In the wake of the E.U.’s parliamentary election in 2014, the media reported the results as though a number of “national elections” had just taken place. Unlike the European Council, the Parliament does not represent states; in fact, the representatives of the people do not even sit by state, but by federal-level party, renders the reportage as distortive at best. Moreover, its ideological bent can help us situate the E.U. along the interval of federal-state relations possible in federal systems; this situs in turn can tell us something about the likely trajectory for the Union—the electoral success of the Euro-skeptic parties being only a symptom. To situate the election results, I briefly cover a bit of federalism theory before discussing the election-results coverage itself.
Modern federalism, which combines “confederal” alliance governance with principles of national government, requires considerable vigilance to balance the two systems lest one engulf the other. In his seminal work on the subject, Federal Government, Kenneth Wheare contends that modern federalism requires no such balance to operate; all that is necessary is that the states and the federal government each have at least one domain of authority that is autonomous. He would be at pains to show that the nearly-consolidated U.S. “federal” system functions as a federal system rather than as a “one size fits all,” empire-scale government. He would also have trouble explaining how the state-centric E.U. “federal” system enables the federal level to function viably.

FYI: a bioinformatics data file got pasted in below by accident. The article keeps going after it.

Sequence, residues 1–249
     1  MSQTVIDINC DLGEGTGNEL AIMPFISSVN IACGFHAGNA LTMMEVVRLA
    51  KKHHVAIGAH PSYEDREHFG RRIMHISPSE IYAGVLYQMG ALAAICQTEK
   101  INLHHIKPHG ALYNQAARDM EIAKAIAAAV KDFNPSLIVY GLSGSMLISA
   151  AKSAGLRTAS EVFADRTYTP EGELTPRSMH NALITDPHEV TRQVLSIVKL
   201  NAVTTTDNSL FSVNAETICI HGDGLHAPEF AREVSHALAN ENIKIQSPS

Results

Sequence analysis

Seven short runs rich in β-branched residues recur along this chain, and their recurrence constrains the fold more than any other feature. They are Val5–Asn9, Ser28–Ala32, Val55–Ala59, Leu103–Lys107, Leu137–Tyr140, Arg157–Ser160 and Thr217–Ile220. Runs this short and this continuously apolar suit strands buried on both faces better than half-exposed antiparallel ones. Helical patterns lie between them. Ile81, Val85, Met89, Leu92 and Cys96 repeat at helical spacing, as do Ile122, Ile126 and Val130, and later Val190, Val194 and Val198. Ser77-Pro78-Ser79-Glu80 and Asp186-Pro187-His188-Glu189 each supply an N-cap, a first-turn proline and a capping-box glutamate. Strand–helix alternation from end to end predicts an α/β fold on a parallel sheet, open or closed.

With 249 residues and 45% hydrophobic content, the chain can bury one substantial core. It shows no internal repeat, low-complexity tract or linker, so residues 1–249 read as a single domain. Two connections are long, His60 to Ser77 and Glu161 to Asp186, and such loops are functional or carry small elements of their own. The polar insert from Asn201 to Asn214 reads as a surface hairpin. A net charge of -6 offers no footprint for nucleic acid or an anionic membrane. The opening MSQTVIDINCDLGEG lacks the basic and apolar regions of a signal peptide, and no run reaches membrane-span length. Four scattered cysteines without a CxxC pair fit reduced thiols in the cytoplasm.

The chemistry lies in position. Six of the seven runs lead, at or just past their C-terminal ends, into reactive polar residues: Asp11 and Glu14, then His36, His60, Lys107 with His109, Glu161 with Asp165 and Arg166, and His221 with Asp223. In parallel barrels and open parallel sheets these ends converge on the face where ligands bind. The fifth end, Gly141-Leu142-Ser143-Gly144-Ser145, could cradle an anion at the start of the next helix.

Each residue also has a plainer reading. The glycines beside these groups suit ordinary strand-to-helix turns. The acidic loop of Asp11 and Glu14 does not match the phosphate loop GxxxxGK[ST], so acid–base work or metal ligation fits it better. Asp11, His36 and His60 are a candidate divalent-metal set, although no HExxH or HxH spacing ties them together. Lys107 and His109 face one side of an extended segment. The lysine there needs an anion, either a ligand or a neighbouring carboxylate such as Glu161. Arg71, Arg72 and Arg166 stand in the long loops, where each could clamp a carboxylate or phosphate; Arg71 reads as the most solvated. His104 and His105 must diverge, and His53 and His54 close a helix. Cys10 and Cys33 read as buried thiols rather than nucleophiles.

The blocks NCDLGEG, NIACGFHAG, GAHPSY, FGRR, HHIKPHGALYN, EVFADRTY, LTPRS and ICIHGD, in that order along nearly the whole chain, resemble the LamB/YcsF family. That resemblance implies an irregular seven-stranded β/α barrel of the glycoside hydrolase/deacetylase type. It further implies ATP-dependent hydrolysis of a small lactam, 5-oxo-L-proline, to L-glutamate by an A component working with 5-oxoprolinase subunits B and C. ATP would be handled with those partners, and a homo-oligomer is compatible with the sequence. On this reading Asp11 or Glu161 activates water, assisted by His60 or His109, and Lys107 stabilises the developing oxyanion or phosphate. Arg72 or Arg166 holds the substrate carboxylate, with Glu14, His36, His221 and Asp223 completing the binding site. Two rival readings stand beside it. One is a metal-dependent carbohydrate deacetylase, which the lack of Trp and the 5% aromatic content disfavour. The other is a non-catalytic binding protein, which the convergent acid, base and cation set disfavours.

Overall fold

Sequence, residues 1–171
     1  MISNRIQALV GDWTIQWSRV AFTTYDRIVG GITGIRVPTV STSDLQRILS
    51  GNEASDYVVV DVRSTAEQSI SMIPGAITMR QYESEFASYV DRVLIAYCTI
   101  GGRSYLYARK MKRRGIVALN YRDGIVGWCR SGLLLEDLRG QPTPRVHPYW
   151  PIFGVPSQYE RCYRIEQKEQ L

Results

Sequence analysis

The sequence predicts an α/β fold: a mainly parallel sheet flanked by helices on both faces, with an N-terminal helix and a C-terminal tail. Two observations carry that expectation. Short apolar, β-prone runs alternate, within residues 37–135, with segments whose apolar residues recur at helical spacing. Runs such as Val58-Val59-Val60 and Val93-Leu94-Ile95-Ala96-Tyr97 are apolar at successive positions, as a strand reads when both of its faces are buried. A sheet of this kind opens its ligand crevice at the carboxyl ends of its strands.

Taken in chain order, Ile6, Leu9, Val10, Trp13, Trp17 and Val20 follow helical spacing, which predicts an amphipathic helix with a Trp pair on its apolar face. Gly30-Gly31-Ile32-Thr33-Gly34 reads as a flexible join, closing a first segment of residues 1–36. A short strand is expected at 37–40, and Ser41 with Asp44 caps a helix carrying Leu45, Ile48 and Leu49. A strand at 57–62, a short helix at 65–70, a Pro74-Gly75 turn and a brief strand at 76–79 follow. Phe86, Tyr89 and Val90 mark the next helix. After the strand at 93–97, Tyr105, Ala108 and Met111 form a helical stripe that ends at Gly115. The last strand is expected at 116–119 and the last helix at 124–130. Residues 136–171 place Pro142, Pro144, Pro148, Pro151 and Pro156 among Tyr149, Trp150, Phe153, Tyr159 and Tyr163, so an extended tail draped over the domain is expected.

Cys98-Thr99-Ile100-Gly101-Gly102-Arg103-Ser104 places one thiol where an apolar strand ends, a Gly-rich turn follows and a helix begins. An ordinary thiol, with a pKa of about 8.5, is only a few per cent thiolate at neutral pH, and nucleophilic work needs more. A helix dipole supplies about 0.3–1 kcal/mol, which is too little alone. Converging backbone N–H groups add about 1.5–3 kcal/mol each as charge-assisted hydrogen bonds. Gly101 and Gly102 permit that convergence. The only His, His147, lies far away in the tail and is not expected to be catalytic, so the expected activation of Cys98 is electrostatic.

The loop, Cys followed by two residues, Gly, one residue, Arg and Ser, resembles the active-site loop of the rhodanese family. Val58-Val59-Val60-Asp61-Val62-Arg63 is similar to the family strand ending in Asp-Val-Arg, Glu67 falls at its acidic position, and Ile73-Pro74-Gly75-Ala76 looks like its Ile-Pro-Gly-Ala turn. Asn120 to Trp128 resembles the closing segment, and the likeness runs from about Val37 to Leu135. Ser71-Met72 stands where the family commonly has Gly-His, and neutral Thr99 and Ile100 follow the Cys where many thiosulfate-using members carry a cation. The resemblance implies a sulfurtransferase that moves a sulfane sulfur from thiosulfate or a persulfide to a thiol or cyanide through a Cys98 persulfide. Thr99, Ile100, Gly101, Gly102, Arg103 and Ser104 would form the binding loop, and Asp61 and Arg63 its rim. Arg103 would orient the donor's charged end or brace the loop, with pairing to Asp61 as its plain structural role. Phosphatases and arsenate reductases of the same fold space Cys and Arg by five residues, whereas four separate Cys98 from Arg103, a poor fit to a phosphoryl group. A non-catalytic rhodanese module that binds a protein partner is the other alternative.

Unfortunately, the respective imbalances may worsen. Theoretically speaking, dissolution is the main risk facing a federal system dominated by its state governments, whereas consolidation is the alluring danger for a federal system dominated by its federal, or “general,” government at the expense of those of the member-states. If this hypothesis is correct, then the tendency of a given federal system can be predicted only once it has been situated relative to a threshold point wherein federal/state powers are in balance. Even though state-rights claims of state sovereignty in the E.U.’s 2014 election season can easily be classified as ideologically fanciful, the preponderance of governmental sovereignty being at the state level portended a probably future of dissolution; the U.S. nearly succumbed to this plight in 1832 (the Nullification Crisis) and then again thirty years later (the USA-CSA war) because the states had most of the power back then. By World War II, the U.S. had “crossed the threshold” in terms of federal-state power, such that consolidation became the probable “end-game.” As E.U. citizens went to the polls in 2014, no one would accuse the E.U. of pursuing that course.
Notably, at least one major European press reported the E.U. legislative election erroneously as “European elections.” Even though “countries” are not represented in the E.U.’s parliament, The Financial Times characterized the election as several national elections—even claiming that the UKIP party’s electoral success was the first time a third party had won a “national election” in Britain. Even in terms of a “state delegation,” the Parliament, like the U.S. House, acknowledges no such grouping formally; in both legislative bodies, the representatives, who represent constituents in federal districts, do not even sit by state.
Marine Le Pen of France's National Front Party. Can the E.U.'s legislative election be reduced to several state-level elections? Je crois que certainment non.
To be sure, the E.U. was at the time much more state-centric than the U.S., as evidenced by the plethora of state-level parties dwarfing the federal-level ones. Even so, the characterization of “national elections” for an election bearing only on the E.U. and its citizens cannot be justified, and is thus likely the manifestation of a states-rights ideological agenda—the major attendant danger to which being dissolution. Put another way, relegating the direct relation between the E.U. Parliament and E.U. citizens in the public’s mind could compromise the Union’s viability more than the electoral success of the Euro-skeptic state-level parties in the national election (the Parliament being in line with national rather than international principles).
1. Peter Spiegel and Hugh Carnegy, “Anti-EU Parties Celebrate Election Success,” The Financial Times, May 26, 2014.